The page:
Unemployment in San Miguel County is among the lowest in the state, 2.1 percent, according to the latest state Department of Labor and Employment numbers for June. That’s two-tenths of a percent below the state jobless rate and 2.3 points below the national unemployment level.
That’s a good thing, right? Yes and no.
Low unemployment means there are fewer job seekers to choose from, and that makes it a pain to find qualified help who will actually show up in a tourist town like Telluride, where stores, restaurants and adventures that need guiding are plentiful for transient young folks sowing their wild oats in the Rockies.
Youth, legal weed and the siren call of adventure sometimes get in the way of punching a clock.
“Telluride is fairly transient in that sense,” Bas Afman, assistant general manager of Lumiere Hotel in Mountain Village, told Criado. “It’s kind of a community where people want to work for a year or a summer or a winter and then kind of move on to something either a little more serious or something else in life,”
But a seller’s market means it’s tough maintaining a workforce.
“I think because there’s so many jobs out there people know if they don’t perform they’ll have a job literally the next day,” Afman said.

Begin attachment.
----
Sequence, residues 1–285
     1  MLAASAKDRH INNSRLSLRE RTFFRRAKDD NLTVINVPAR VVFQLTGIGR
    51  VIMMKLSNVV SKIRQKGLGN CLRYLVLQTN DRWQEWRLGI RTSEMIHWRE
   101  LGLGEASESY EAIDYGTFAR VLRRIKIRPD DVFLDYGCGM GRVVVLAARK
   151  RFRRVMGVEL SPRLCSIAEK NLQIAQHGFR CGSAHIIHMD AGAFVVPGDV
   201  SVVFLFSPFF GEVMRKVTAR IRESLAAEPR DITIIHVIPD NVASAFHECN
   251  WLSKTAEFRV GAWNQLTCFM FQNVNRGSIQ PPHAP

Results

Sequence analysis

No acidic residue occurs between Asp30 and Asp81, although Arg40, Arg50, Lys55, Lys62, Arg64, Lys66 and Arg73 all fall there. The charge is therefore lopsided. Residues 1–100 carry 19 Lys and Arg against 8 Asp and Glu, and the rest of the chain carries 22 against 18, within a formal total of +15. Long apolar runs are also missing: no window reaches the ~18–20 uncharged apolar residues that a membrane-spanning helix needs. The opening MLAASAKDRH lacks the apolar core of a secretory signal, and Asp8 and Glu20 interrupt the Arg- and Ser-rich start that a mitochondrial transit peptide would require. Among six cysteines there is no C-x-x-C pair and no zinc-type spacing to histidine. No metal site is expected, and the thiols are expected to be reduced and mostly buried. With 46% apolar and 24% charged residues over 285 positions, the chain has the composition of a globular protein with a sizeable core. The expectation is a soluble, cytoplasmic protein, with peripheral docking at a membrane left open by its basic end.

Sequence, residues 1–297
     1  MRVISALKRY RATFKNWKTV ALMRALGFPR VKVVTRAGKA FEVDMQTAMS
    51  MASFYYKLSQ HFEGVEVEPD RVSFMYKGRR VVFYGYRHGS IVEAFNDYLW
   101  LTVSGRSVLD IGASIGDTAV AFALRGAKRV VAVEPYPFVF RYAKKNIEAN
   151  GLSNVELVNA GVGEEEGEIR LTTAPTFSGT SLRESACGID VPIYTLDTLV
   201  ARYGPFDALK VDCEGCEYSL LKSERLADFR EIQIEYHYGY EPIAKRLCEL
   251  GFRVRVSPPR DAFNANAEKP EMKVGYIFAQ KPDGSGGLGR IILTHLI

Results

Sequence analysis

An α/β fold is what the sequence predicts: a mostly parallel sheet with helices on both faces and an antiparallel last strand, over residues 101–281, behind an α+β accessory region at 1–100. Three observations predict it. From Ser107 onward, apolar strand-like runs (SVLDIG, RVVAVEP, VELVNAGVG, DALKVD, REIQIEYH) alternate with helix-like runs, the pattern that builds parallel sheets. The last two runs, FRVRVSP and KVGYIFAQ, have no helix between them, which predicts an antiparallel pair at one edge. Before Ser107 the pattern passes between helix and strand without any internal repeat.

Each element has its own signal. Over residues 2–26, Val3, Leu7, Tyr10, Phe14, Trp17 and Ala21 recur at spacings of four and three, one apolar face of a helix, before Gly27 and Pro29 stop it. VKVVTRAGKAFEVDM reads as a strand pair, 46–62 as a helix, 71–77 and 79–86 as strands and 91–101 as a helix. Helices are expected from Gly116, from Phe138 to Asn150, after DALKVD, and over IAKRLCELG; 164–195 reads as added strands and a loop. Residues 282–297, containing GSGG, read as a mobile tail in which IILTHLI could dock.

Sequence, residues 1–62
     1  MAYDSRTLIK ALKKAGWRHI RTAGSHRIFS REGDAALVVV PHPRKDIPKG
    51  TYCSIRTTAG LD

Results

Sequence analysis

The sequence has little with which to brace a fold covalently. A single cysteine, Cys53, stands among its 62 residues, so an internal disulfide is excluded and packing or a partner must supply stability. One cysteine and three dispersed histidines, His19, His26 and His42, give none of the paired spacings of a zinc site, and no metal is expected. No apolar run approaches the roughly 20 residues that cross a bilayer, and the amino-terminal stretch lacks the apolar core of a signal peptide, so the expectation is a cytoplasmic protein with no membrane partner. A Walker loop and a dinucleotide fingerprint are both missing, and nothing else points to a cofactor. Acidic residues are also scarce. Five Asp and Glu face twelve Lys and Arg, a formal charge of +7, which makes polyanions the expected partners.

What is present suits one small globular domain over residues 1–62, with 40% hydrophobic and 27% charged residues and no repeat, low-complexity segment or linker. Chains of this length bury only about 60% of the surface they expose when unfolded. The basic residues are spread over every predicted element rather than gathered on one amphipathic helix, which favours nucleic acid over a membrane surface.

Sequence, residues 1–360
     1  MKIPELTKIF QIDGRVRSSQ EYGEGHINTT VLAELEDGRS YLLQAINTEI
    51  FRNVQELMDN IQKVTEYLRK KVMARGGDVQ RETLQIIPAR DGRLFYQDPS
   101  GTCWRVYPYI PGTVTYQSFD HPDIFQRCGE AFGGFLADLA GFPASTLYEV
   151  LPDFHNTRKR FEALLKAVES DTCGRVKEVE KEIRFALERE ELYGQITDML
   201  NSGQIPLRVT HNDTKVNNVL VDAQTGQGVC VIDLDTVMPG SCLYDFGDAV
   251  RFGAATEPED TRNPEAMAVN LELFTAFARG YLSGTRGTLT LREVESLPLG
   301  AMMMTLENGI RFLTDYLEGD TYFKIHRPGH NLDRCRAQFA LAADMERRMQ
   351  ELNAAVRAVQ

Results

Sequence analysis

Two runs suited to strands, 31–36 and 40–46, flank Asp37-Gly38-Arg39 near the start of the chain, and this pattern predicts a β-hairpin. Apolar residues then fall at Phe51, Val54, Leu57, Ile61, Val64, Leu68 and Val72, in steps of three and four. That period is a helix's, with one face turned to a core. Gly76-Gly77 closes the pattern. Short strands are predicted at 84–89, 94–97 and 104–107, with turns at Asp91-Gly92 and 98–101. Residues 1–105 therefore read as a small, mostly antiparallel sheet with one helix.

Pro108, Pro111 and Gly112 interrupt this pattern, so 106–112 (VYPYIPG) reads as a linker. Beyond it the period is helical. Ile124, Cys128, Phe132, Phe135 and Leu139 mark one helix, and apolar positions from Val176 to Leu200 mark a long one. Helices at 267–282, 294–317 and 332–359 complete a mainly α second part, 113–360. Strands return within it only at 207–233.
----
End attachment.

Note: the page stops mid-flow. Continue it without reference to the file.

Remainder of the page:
And then there are expenses. Telluride has them. And affordable housing based on what retail and service jobs pay is a challenge.
And if you’re looking, The Daily Planet notes that the new Green Dragon marijuana shop in town is looking for a manager and staff, and the Placerville Post Office is looking for help.
Statewide, Colorado added 6,500 jobs from May to June — employing the equivalent to the population of Aspen.
For Colorado residents hunting for jobs that pay enough to live on, reports of the state's low unemployment rate and rapid population growth can be very disheartening. It seems everyone else has a job except you, often a depressing thought.
However, a recent study digs deeper into the numbers and finds job hunters' perceptions of the state's employment situation being less positive than as portrayed are closer to reality. And state lawmakers will be presented with the study's findings, in hopes of doing something to help workers and job hunters.
Casper Stockham idles at the curb on a crowded LoDo street at about 10 p.m., scanning the pedestrians who are surging and meandering in front of a popular Mexican restaurant. The Denver Broncos are playing just blocks away and the night is bustling, the sounds of cheers and music spilling onto the sidewalk. After a few minutes, a woman in her late 20s pokes her head in the open passenger window and asks, “Are you Casper? Are you my Uber?” Stockham smiles and leans across the seat. “That’s me,” he says. “Get in, and we’ll get you where you’re going.”
Hiring has been strong in the past year in many presidential campaign swing states, a possible hurdle for GOP candidate Donald Trump, who has sought to capitalize on economic distress.
Employers have added jobs in the past 12 months at a faster pace than the national average in Colorado, Florida, Michigan and North Carolina, the Labor Department said Friday.